State governments, on the other hand, do require your tax money to fund the public services (see U.S. Constitution Article I, Section 10).

So, any public service not funded by the federal government must be funded through state and local taxes, which ultimately increases the tax burden on all Montanans.

Is this what we want?

Accepting Medicaid expansion is the right thing to do for multiple reasons.   Most importantly, it is a moral thing to do!

I applaud Governor Bullock and Democratic legislators for their commitment to Medicaid expansion for Montana.

Sunday, March 17, 2013

A Nation Must Live Up to its Means

Today, the Albuquerque Journal published the following as its "Other Voices" column in the Santa Fe section. They gave it the title "Government must deficit spend." I like mine better.
Update: This same letter was published in The Albuquerque Journal Business Oulook on March 25.

The Journal article “Belt tightening” by Kevin Hall in the March 8 Business section was so wide of the mark that it should not stand without rebuttal. The most revealing quote was from Terri Cole, president of the Greater Albuquerque Chamber of Commerce, asserting that few would disagree that both private business and the federal government “must live within their means.”

The whole article is based on the popular myth that the federal government must live within its means just like a household or private business. Bill Dunkelberg, of the National  Federation of Independent Business, rightfully lamented layoffs of 7 million small business workers. Our unemployment crisis is due largely to the wide acceptance of the government-is-like-a-household myth. Those who adhere to this myth do not understand how the economy works and cause great suffering by unnecessarily permitting prolonged periods of high unemployment.

The federal sector differs from the private sector in that the government creates the money we use. Government creates money when the private sector borrows from banks, thereby increasing private debt. And, Government creates money when it purchases goods and services from the private sector thereby increasing public debt. What money government does not retrieve in taxes from its spending contributes to the public debt and remains as savings in the private sector.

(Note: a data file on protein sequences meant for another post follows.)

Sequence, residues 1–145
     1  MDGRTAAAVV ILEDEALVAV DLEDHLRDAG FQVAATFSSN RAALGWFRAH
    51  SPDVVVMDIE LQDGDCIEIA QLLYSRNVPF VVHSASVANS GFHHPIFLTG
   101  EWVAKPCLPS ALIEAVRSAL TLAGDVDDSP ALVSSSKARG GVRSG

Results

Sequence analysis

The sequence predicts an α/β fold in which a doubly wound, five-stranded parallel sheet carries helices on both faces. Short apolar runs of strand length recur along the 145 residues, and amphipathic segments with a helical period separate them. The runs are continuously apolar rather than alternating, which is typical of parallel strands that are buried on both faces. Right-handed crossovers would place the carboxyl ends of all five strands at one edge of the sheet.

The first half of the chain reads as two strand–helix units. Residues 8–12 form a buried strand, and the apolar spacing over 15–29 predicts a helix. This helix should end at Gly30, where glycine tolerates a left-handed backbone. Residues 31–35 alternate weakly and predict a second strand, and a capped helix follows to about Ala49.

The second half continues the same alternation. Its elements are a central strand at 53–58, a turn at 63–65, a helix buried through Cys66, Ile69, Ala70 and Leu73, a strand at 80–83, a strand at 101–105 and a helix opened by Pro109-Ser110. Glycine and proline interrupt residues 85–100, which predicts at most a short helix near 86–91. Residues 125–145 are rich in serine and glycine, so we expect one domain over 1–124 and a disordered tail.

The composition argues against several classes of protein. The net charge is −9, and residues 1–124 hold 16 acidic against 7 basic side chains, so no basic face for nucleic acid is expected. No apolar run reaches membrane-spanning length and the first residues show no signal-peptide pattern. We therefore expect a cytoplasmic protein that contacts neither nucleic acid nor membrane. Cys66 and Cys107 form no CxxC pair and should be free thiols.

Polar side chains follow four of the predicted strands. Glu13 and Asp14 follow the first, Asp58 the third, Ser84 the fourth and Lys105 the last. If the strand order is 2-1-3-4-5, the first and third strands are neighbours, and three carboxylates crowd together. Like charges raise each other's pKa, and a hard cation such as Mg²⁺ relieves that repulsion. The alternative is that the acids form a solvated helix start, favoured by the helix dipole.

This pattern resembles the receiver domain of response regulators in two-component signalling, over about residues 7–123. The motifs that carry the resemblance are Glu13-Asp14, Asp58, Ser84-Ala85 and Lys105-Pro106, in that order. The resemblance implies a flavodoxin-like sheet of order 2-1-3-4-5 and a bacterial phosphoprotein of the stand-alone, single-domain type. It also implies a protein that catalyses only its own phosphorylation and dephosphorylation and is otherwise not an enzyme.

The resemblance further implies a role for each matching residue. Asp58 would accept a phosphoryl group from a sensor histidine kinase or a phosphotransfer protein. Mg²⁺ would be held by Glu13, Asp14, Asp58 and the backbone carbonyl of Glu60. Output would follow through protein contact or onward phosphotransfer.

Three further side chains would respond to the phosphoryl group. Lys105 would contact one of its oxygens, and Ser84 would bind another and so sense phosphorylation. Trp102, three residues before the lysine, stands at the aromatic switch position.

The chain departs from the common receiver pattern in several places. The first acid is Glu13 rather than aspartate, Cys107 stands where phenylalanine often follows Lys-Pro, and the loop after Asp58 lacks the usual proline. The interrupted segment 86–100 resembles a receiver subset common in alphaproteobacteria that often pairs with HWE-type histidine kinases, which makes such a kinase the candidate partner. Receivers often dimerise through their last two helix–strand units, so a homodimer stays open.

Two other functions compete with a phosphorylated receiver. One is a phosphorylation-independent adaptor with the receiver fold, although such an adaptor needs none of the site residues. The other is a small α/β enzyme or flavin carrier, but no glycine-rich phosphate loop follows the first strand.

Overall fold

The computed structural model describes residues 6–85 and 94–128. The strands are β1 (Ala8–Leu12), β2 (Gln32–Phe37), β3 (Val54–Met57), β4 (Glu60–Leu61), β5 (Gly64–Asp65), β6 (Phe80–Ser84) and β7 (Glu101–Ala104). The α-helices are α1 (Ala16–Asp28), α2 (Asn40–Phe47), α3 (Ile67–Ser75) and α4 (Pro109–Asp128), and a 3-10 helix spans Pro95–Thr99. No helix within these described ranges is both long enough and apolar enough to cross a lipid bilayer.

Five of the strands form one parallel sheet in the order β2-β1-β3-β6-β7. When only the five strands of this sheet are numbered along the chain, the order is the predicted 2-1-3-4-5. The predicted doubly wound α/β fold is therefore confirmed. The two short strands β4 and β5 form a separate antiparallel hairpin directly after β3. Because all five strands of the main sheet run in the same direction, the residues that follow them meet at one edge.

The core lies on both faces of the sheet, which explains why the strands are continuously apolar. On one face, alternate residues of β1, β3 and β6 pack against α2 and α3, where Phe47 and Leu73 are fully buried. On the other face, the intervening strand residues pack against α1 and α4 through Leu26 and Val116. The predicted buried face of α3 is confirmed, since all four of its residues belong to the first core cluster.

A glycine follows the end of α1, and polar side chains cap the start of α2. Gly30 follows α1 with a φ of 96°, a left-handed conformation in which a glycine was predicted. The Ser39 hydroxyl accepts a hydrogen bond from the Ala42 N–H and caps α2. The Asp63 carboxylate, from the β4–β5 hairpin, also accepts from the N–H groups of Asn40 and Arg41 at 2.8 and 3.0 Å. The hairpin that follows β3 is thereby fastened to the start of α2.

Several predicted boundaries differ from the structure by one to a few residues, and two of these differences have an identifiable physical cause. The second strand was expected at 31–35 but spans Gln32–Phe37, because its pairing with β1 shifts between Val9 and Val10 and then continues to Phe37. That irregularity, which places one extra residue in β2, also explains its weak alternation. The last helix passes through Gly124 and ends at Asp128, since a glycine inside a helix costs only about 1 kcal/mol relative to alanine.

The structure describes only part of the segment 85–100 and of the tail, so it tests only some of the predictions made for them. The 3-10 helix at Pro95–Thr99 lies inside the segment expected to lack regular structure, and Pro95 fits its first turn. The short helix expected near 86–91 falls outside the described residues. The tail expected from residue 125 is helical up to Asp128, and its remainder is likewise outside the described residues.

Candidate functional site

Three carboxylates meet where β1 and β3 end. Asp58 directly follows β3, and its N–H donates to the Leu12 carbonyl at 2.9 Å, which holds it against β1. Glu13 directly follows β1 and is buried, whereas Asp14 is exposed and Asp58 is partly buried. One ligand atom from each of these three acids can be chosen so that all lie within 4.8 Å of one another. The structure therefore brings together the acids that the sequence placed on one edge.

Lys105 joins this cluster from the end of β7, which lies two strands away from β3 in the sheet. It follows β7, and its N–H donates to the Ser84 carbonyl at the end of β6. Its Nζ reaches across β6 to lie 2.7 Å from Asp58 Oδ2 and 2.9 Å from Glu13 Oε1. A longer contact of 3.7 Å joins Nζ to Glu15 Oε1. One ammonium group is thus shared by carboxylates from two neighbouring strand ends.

The only limit to the amount of money government can create is the availability of productive resources that might be for sale. In an economic downturn such as the one from which we are recovering too slowly, the government can employ unused productive resources without fear of inducing inflation or pushing up interest rates or destroying the stock market.

Means - Use them all.
Inflation is the result of overall demand outstripping both our ability to produce and our ability to increase production. Our budgeting process obsesses over deficits when we should be concerned with the real economy and how we deploy our immense productive capabilities both for the public good and private enterprise. To endure, our economic system must provide sufficient purchasing power to enable our people to consume all the real economic goods and services that the nation can produce.

Contrary to repetitive remarks about a “spending problem in Washington,” unemployment underlies our current crisis. People taken as a whole are spending much less than their income, as they prefer to save and pay down debt. One person’s spending is another person’s income. When spending plummets so does income and people get laid off. High unemployment is not due to lazy workers; it is due to bad public policy.

The federal government has the capability and responsibility to spend, yes deficit spend, to put people back to work. The problem with the deficit is that it is too small to support needed recovery toward a healthy economy in which productive capacity is fully utilized.

That productive capacity is the nation's “means,” which includes both public and private workers and its businesses and equipment. Private businesses, households, state and local governments must live within their means. The federal government must assure that the nation lives up to its means.